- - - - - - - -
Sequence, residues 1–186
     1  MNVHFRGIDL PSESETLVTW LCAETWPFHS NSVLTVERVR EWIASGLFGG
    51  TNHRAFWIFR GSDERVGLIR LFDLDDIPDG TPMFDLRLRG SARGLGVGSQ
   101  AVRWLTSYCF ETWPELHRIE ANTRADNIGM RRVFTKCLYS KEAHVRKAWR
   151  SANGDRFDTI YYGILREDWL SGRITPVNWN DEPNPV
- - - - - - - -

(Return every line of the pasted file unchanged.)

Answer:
Sequence, residues 1–186
     1  MNVHFRGIDL PSESETLVTW LCAETWPFHS NSVLTVERVR EWIASGLFGG
    51  TNHRAFWIFR GSDERVGLIR LFDLDDIPDG TPMFDLRLRG SARGLGVGSQ
   101  AVRWLTSYCF ETWPELHRIE ANTRADNIGM RRVFTKCLYS KEAHVRKAWR
   151  SANGDRFDTI YYGILREDWL SGRITPVNWN DEPNPV